This week’s post addresses the question, “How has my capstone benefitted from my general preparation as an ENVS major?” This question has been on my mind a lot over the last several weeks, as my fellow seniors and I begin to transition into “the real world” and I find myself looking back at the work I have done with a new introspective and practical lens.
In the Beginning…
Entering into the Lewis and Clark ENVS program as a freshman four years ago, I was certainly surprised by the stark contrast between Environmental Science and Studies. I had spent the last two years of high school in an Environmental Science program known as SEA-DISC, where all of my classes were taught through an environmental science and justice lens. Our academy spend a third of our time outside, whether it be working in the creek that ran through our school, or putting on Earth Day celebrations on campus. I was so accustomed to hands-on projects, hard science classes, and a more classical perspective on modern environmental matters. I will be the first to say that initially, ENVS was really challenging for me to become accustomed to. I had to learn how to think in a different way. I had to realize the different assumptions and biases that went on inside. my head without me knowing. And I had to come to terms with the idea that some of the things I had learned and always taken as truth, may have more to it then I had been taught.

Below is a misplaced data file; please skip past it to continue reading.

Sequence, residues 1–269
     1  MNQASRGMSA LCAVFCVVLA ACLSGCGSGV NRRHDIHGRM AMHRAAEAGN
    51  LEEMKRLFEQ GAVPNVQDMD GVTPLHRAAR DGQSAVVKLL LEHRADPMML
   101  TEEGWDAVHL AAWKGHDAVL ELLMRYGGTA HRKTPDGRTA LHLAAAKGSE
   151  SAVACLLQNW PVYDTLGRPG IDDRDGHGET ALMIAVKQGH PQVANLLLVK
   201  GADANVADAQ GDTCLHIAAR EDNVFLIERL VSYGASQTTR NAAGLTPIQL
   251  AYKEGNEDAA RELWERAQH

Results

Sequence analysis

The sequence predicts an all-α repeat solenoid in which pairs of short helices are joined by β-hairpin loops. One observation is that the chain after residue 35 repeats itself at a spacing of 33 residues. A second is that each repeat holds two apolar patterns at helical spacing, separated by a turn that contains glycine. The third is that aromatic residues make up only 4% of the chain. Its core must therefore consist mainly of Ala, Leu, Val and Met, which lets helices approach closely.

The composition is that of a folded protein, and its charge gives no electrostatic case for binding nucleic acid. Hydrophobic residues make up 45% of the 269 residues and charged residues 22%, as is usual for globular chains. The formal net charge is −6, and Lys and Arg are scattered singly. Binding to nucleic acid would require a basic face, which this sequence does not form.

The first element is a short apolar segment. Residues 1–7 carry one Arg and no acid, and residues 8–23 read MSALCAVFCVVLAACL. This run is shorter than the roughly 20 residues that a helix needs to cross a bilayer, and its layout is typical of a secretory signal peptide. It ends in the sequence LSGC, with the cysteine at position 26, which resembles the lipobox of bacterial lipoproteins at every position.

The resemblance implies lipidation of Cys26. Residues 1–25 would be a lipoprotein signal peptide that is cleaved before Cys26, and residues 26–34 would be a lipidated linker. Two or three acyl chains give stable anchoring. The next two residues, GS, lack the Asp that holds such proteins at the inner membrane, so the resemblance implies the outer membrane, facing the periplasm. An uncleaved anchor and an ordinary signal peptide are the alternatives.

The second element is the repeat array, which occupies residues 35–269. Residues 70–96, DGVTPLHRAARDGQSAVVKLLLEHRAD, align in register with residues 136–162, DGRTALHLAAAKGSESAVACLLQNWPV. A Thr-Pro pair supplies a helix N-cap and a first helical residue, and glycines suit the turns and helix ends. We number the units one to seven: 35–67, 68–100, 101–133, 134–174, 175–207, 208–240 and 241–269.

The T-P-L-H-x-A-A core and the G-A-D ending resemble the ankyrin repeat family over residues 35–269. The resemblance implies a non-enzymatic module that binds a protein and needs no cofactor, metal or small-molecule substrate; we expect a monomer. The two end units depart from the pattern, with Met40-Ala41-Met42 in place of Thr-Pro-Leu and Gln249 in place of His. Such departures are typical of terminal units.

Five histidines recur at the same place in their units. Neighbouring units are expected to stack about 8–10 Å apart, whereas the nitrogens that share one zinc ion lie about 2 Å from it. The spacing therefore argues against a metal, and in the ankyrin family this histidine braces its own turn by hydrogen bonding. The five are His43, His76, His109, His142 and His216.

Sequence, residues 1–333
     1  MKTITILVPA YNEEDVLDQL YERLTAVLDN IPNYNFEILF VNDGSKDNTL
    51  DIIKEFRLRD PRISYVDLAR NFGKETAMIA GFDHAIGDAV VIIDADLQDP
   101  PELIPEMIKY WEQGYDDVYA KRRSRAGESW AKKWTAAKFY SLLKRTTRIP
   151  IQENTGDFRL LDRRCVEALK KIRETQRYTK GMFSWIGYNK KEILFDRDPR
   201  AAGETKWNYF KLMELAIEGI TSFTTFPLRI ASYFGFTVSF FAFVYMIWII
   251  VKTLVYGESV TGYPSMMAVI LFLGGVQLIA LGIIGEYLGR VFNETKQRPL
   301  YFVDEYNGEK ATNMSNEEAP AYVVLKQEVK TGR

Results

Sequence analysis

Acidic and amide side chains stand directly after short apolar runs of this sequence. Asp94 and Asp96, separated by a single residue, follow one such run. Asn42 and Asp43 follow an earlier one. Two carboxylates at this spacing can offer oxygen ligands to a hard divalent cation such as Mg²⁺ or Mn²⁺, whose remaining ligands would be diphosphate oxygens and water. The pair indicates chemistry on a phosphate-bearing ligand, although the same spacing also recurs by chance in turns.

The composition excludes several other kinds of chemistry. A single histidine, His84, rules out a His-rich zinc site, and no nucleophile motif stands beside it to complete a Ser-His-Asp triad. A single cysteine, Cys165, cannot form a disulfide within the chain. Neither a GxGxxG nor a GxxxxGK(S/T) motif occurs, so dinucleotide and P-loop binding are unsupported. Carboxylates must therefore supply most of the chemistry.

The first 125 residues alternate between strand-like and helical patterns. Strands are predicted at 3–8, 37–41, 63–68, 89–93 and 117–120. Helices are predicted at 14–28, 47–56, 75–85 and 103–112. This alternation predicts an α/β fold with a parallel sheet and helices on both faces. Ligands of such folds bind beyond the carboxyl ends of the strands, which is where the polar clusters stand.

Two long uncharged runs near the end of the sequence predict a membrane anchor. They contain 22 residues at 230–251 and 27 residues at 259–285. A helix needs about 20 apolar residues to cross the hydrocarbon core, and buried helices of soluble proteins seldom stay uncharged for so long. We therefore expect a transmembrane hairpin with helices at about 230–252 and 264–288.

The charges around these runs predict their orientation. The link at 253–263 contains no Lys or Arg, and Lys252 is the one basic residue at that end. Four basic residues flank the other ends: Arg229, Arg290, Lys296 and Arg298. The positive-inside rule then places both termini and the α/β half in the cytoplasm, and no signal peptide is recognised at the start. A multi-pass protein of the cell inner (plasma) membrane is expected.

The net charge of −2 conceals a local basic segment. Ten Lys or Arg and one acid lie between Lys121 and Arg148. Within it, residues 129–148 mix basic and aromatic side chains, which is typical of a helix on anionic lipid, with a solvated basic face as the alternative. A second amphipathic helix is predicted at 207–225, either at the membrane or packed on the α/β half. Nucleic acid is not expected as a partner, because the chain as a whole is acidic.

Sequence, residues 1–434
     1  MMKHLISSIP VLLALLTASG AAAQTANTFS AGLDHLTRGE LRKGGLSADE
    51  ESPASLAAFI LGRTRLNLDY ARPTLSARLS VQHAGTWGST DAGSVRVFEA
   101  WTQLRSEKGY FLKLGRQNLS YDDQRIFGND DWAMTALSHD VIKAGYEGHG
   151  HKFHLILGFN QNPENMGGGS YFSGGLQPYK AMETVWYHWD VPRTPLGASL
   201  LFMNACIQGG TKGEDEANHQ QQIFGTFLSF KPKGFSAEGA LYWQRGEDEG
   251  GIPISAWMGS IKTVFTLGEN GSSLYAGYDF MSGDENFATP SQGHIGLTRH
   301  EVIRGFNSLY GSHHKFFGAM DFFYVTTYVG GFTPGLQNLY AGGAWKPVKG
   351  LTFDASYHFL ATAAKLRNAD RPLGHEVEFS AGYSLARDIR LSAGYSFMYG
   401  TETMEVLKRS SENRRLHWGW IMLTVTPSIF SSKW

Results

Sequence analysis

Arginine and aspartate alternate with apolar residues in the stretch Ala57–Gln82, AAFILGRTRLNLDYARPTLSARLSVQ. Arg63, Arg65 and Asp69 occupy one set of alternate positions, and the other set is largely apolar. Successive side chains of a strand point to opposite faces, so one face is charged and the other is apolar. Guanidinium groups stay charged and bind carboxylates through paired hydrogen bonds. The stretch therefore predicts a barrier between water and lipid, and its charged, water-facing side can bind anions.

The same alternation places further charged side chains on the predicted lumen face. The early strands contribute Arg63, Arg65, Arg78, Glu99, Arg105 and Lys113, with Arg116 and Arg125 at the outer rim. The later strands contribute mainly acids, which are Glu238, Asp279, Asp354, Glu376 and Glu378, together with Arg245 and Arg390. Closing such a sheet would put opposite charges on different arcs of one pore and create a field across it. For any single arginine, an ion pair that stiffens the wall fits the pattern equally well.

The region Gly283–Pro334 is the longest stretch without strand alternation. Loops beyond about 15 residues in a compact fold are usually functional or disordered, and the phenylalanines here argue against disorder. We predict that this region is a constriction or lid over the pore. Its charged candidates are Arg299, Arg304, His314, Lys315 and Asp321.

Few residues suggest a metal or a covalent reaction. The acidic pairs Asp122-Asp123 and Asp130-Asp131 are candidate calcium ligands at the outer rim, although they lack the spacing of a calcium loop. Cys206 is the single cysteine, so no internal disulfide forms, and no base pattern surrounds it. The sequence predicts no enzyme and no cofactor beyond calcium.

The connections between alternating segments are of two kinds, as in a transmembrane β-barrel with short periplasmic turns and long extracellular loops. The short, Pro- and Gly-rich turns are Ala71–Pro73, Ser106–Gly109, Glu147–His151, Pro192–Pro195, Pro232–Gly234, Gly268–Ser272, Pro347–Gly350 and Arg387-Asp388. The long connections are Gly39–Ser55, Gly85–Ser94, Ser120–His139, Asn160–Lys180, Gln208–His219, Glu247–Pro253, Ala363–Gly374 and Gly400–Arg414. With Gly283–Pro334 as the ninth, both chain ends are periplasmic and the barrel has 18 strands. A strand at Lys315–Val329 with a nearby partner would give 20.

Through the ups and downs and the many realizations and challenges, I can confidently say that ENVS has helped me tremendously with who the student, thinker, and scholar I have become today.
The data analysis skills I have acquired over the years from many of the science classes I took have been very helpful both for my capstone as well as job interviews. Courses in hydrology, oceanography, geology, and environmental analysis have all contributed to a vast array of skills in Excel, GIS, and other types of data analysis.
The breadth courses and humanities courses included in the ENVS major have also been extremely formative for me. In some ways, I had to stretch myself in departments I never would have ventured into (Economics) and gained valuable insight in other departments I wouldn’t have been all too excited about (History) but ended up really loving! Environmental Economics taught me the important and very relevant role of supply and demand and History of the American Landscape showed me the different ways our surroundings have been shaped by humans.
These courses, many others, my professors, hours of fieldwork, years of grappling with new ENVS concepts, and my fellow peers have shown me what it means to be an ENVS student. To be interdisciplinary. To be a spirited collaborator. To be a critical thinker.